It should be noted that the method does not require the generation of a visible image. The detection of movement of objects can be carried out entirely by suitable signal processing. A comparison of sets of signals e.g. by subtraction of the signals from each element using a microprocessor or other electronic processor, will detect whether an obstacle has been moved into the scene under surveillance and what portion of the scene it occupies.
During normal operation (ie. no displacement) the array may be operated to detect dynamic events such as the presence of intruders, occurrence of fire or movement of people. In one possible application the array may monitor people approaching a pedestrian crossing, for example. Movements of previously static objects or introduction of objects which are then static may then be interpreted as a potential fault in the monitoring of dynamic events. In one example the object may be a parked vehicle blocking the line of vision. If desired, objects below a certain size, such as might correspond to moving the furniture in a room or the introduction of a parked cycle, can be ignored.
The occurrence of a possibly significant dynamic event would typically be indicated by an above threshold signal from an element of the array. The significance of the event may be further verified by other procedures. The displacement will typically be a vibration which will move the image of the scene a short distance to and from across the detector. Either the array or part of the optical means may be vibrated. A movement such that the image of the scene is displaced by an amount equal to the detector element pitch is sufficient. The movement may be accomplished by vibrating the array with a suitable transducer, though piezoelectric signals from the array may make this not the preferred solution. In a usually preferred embodiment a lens or mirror in the optical system is vibrated by a piezoelectric or electromagnetic transducer. In this arrangement an optical lever may be introduced to make the movement of the image larger than the movement of the transducer. In a further embodiment the movement of the image is accomplished by passing the infrared radiation through a thin prism which can be rotated about an axis at right angles to a face. The temperature changes in the array, corresponding to the movement of the image of the scene across it, produce signals corresponding to the temperature gradient in the relevant part of the scene and thus emphasise edges of objects. As most obstacles are defined by vertical or horizontal edges a preferred axis of vibration is at 45° to the horizontal so that both horizontal and vertical edges may be detected. Alternatively two transducers may be applied to diameters of the optical element at right angles to one another and with vibrations 90° out of phase so that the image is swept round in a small circle across the array. Other methods of accomplishing the displacement could include moving wedge shaped prisms laterally into and out of the field of view of the array.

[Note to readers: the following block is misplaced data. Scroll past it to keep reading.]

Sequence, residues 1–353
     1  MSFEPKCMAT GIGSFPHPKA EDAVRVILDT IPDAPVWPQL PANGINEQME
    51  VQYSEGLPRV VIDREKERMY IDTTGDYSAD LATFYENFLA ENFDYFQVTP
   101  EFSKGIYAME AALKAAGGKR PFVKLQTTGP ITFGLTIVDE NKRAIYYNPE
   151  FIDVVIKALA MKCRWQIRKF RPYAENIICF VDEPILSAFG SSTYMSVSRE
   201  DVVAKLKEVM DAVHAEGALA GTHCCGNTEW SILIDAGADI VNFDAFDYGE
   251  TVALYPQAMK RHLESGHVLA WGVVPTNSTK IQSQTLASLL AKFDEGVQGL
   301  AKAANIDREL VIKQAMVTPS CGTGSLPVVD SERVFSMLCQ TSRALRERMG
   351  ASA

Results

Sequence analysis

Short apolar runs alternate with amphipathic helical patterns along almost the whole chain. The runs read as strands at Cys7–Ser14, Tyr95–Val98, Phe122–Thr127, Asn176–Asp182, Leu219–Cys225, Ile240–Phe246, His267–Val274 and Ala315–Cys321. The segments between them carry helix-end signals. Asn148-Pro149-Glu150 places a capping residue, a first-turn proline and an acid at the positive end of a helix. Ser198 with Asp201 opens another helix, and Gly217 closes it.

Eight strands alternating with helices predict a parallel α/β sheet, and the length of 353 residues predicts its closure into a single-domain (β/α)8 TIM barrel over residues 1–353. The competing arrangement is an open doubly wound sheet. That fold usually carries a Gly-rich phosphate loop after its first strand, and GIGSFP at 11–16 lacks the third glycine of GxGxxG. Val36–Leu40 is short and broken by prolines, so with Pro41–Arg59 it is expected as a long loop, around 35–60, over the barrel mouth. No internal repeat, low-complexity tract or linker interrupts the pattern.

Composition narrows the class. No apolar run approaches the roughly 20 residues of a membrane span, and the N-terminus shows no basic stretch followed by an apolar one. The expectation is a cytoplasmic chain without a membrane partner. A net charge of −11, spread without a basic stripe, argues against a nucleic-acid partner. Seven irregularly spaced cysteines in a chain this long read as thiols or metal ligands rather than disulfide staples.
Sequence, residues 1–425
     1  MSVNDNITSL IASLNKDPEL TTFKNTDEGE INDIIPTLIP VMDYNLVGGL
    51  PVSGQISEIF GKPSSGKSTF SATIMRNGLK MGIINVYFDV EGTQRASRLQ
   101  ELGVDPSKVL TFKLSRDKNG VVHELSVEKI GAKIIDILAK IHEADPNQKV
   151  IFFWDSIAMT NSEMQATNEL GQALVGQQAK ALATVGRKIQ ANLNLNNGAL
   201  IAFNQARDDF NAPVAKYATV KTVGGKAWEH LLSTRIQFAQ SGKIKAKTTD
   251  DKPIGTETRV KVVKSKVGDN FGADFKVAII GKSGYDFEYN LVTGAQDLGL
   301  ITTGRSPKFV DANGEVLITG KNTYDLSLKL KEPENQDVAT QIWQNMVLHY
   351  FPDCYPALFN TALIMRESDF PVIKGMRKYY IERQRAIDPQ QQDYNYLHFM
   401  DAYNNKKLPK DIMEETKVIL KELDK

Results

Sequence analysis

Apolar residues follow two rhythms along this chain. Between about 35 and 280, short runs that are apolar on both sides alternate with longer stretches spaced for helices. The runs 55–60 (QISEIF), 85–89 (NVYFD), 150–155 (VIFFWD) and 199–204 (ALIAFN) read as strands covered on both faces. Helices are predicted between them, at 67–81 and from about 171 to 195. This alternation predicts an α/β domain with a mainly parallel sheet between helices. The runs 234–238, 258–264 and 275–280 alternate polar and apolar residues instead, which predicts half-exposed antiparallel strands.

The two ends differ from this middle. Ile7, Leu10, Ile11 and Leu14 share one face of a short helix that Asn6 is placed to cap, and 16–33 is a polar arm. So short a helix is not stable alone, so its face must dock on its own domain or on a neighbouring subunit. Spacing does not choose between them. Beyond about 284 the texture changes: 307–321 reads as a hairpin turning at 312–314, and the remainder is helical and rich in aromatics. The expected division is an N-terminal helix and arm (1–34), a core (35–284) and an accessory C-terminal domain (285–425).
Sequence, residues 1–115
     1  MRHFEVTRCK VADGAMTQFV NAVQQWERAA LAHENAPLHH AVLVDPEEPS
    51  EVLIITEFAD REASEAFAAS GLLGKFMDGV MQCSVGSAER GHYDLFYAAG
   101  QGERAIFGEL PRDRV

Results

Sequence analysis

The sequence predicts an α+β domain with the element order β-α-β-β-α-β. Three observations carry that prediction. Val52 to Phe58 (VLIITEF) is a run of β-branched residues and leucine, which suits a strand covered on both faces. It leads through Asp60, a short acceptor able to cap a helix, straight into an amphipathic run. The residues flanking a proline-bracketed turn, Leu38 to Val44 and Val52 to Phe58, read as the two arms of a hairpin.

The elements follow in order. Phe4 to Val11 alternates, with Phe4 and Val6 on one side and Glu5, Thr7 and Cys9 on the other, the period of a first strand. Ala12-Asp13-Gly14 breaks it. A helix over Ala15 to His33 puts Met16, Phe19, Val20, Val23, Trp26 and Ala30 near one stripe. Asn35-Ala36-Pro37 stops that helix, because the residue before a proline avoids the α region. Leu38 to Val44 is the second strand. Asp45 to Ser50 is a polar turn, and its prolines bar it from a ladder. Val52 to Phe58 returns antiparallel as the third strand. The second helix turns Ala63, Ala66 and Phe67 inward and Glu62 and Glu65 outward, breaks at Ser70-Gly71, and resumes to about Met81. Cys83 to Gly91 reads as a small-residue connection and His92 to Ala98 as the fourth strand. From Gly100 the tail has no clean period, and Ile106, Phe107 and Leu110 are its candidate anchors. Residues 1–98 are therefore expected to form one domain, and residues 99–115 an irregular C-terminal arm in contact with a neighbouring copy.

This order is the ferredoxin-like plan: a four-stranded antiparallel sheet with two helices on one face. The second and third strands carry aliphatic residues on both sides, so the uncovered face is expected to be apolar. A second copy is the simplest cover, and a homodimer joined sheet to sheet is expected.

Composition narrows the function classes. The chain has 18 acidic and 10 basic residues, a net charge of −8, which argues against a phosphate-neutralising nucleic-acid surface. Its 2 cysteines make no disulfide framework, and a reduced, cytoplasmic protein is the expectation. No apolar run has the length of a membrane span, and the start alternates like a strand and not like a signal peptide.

It is desirable that the set of signals corresponding to the reference image is updated at intervals, as otherwise changes in the scene associated with changes of temperature occurring naturally or due to the operation of a heating system indoors could be interpreted as an obstacle. By suitable programming such “common mode” changes can be ignored. Changes not due to an obstacle will tend to be slow and to affect the whole scene, and thus may be distinguished by a suitable algorithm from the localised rapid changes introduced by an obstacle. For example, the signals corresponding to the reference image may be updated only when the majority of detectors exhibit a change in signal and preferably only when that change is smaller than a predetermined amount, indicative of a gradual change in conditions. This “update” might take place two to four times per hour. The processor can also be programmed so that anticipated changes in the scene, induced for example by switching on a radiator, are also ignored. When an unwanted object is being introduced to the scene, it may be detected and tracked by the detector in its normal mode if the detector is switched on. This information can also be used by an algorithm to differentiate such objects from naturally occurring changes.
Although the technique has been described in terms of monitoring the introduction of an object into a scene under surveillance it is equally applicable to the removal of an object or objects from the scene. In order to optimise the technique for this application it is desirable that the object(s) should be at a detectably different temperature to its surroundings. This can be done by heating the background e.g. of a valuable object in a display case or by heating the object itself e.g. a car in a garage. In this application the removal of one or more objects from the scene may also be designated an alarm condition, rather than a fault condition of the system.
The technique described is applicable in a wide variety of applications where pyroelectric detector arrays are used to monitor events, including fire and intruder detection, traffic monitoring, the control of pedestrian crossings, and monitoring the movement of people in a building. In each case the operation of the system would be hindered by the introduction of a static obstacle or by the removal of an object normally present.